But with every new and potentially revolutionary technology comes great responsibility (and a host of moral dilemmas that protesters and media spinsters are just waiting to sink their teeth into.) With the ability to alter the flow of time, even on an atomic level, we will be forced to consider the implications of most, if not all of our actions. Does pushing an atom back in time half a second interrupt the original process of doing so, therefore proving to the scientist that it can't be done, simply because every time he has attempted it, it has failed (and for the same reason?) Does randomly pushing atoms out of phase with reality constitute a risk to our past, or are we safeguarded against the potentially serious danger of temporal contamination until we start working with, say, objects that can actually be seen with the naked eye? With future improvements, making trips to the past or the future as easy as a trip to another country, what kind of guidelines will need to be put in place? We can't just let whole herds of tourists (complete with a spouse, two kids, a camera, and a dog!) swarm unchecked into 14th century Europe, snapping pictures of the peasants and royalty alike, buying up everything within reach at the marketplace, or teaching the locals tricks, modern slang terms, and dirty limericks! And what about bringing people back to ‘our' present? Is it okay to bring someone from the future to the present day and wrong to bring someone from the past foward, or vice versa? Will there be laws against both? What about the risk of exposure to diseases long since wiped out? Will the advent of Time Travel (in the classic sense) mean a sudden epidemic of smallpox, polio, and tuberculosis? Even with laws and a resurgence in vaccines, what's to stop a person infected with a disease from the present or future to accidently cause a devastating epidemic in say, the 12th century B.C.? These and a thousand more questions, at one time raised only by writers and filmmakers, will doubtless be on the minds of lawmakers and concerned citizens the world over as soon as this technology becomes viable.

And so we come back to our original question: is Time really something we can manipulate? Can it be harnessed and bent to our will, allowing us to access alternate realities, dimensions, and universes, to make instantaneous transportation from point A to point B a reality or create the ultimate tool in the future of espionage? Not with our current technology, (and our understanding of physics could probably use a little work too!) but who knows- with Quantum Physics gaining support and being acknowledged as a different, yet very accurate way of looking at the structure and as-yet mysterious workings of the universe, who knows what the future will bring! Once, humans were convinced that not only was the world flat, but that the sun revolved around the earth, and mankind would never manage to break the sound barrier but, in each of these cases, we know otherwise now. Who knows, maybe someday humans will look back and laugh at how backward we were, wondering at how we could live such primitive, slow, and boring lives in the years before mankind "woke up" and discovered just how to harness the power of time.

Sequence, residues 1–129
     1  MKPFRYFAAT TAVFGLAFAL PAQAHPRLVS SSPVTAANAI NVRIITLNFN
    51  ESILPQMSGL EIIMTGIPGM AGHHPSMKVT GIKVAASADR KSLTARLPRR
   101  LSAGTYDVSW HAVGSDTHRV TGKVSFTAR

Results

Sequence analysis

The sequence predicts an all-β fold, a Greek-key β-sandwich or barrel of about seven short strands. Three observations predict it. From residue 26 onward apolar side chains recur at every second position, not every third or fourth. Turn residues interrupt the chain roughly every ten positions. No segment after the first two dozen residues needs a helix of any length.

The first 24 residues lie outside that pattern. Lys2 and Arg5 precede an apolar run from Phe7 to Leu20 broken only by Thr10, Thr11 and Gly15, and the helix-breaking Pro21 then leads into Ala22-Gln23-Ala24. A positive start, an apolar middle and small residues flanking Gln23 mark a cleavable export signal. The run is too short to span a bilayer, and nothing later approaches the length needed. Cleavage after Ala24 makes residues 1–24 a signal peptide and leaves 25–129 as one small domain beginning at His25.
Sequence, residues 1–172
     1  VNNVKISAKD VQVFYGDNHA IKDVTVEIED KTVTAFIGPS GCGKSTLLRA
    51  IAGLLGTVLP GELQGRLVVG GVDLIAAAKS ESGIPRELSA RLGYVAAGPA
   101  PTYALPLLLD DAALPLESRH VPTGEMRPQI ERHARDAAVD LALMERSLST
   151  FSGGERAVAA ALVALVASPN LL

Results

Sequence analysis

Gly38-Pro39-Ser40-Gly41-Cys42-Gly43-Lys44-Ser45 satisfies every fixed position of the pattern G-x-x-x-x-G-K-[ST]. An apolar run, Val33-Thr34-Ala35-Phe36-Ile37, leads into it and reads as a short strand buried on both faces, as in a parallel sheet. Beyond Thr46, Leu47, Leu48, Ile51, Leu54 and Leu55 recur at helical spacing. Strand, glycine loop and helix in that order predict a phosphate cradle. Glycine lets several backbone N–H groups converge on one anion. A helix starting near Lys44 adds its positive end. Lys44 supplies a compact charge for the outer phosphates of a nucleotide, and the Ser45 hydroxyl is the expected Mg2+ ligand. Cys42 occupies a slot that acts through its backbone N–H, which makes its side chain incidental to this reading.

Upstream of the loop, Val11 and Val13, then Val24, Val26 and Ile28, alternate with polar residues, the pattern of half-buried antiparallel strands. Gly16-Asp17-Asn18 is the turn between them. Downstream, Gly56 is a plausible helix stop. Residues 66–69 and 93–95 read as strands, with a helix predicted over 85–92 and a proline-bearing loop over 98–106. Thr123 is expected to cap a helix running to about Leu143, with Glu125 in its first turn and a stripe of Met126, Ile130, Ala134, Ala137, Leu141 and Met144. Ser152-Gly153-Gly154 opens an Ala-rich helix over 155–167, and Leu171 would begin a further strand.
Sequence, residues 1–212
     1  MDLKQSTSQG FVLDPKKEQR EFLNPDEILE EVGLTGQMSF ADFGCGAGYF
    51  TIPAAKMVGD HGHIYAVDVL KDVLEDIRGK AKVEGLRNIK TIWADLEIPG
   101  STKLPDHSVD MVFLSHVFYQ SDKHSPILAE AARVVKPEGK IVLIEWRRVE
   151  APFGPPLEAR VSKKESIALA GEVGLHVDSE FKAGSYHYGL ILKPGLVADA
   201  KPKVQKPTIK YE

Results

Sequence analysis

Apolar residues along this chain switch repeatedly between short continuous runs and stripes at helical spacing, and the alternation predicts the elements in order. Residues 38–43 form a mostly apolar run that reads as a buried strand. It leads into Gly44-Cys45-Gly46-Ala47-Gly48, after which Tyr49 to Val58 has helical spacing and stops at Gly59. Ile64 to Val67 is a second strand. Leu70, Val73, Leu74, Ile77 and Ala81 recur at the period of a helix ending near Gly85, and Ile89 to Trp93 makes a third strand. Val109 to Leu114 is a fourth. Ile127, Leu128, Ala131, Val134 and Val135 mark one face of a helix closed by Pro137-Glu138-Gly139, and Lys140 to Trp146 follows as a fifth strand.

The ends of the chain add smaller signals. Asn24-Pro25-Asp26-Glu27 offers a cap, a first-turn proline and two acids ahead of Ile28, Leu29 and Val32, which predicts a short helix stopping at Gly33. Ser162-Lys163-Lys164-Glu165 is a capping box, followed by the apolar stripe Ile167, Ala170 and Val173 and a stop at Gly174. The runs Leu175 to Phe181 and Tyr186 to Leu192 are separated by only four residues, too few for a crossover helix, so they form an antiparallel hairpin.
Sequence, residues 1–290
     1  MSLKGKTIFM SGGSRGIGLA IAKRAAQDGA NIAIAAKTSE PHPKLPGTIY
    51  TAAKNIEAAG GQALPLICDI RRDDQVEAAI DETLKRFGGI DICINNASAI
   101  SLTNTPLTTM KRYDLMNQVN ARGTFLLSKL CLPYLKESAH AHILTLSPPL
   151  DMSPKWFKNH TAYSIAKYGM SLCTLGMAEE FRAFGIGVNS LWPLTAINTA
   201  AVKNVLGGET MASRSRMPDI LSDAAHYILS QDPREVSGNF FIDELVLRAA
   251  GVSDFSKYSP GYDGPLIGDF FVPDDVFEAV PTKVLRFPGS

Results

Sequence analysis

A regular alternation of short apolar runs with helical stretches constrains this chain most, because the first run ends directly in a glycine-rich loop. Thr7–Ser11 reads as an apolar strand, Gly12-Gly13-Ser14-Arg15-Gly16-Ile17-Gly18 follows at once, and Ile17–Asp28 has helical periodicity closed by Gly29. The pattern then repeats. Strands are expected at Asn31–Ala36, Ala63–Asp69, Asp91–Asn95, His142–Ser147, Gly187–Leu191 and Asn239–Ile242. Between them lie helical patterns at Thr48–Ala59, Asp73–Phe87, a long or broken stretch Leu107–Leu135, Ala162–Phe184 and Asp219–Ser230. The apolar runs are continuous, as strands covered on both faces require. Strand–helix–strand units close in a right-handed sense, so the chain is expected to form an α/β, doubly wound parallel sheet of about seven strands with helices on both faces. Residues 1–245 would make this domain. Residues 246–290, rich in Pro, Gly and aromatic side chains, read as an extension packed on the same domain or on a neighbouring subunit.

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      Scalar 6 years ago

      I believe it is possible to manipulate time directly. I just do not know how far we can do it. We can definitely manipulate time in a localized area, say at the atomic, microscopic level, and perhaps to the colloidal/mesoscopic level, to do time reversal on materials and systems of energy. If this was the furthest we can go, this alone would literally revolutionize life along the lines of nanotech control of matter. We would be able to reverse the flow of entropy in a container of hot or cold water, and thus produce useful work, ofcourse, energy to do this would have to come from an outside source, like the quantum vacuum state or something. We could also have "Time Reversal Material Repair Systems" that would cause cracks, breaks, and wear damage to be instantly reversed in various structures, thus they would be self-repairing. But could we go further, and do it at the macro level? Imagine a Time Reversal Box, you would sit inside of it and all age/time-flow related changes would be reversed. Your cellular structure would return to what it was at whatever former time period you want. Shed ten, twenty, thirty or more years off your body instantly.

      What about actual physical travel to the past or future? Perhaps.